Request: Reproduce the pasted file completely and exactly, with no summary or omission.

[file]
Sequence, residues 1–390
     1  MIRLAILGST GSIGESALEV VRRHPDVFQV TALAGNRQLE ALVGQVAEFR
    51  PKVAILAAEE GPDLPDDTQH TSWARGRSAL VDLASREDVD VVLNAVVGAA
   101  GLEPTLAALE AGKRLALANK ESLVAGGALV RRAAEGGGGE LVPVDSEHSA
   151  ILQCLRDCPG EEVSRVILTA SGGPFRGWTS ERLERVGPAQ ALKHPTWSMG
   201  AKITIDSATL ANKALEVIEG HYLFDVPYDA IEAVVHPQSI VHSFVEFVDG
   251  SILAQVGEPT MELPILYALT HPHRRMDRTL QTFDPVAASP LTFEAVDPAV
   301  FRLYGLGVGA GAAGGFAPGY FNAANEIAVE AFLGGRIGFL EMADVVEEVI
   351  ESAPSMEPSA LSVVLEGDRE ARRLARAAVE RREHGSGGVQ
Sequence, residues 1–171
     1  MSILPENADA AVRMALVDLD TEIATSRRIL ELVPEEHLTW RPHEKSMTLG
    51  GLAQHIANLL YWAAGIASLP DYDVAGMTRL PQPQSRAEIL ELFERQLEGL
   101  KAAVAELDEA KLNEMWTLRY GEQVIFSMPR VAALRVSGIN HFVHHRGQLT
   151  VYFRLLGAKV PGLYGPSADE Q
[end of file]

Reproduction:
Sequence, residues 1–390
     1  MIRLAILGST GSIGESALEV VRRHPDVFQV TALAGNRQLE ALVGQVAEFR
    51  PKVAILAAEE GPDLPDDTQH TSWARGRSAL VDLASREDVD VVLNAVVGAA
   101  GLEPTLAALE AGKRLALANK ESLVAGGALV RRAAEGGGGE LVPVDSEHSA
   151  ILQCLRDCPG EEVSRVILTA SGGPFRGWTS ERLERVGPAQ ALKHPTWSMG
   201  AKITIDSATL ANKALEVIEG HYLFDVPYDA IEAVVHPQSI VHSFVEFVDG
   251  SILAQVGEPT MELPILYALT HPHRRMDRTL QTFDPVAASP LTFEAVDPAV
   301  FRLYGLGVGA GAAGGFAPGY FNAANEIAVE AFLGGRIGFL EMADVVEEVI
   351  ESAPSMEPSA LSVVLEGDRE ARRLARAAVE RREHGSGGVQ
Sequence, residues 1–171
     1  MSILPENADA AVRMALVDLD TEIATSRRIL ELVPEEHLTW RPHEKSMTLG
    51  GLAQHIANLL YWAAGIASLP DYDVAGMTRL PQPQSRAEIL ELFERQLEGL
   101  KAAVAELDEA KLNEMWTLRY GEQVIFSMPR VAALRVSGIN HFVHHRGQLT
   151  VYFRLLGAKV PGLYGPSADE Q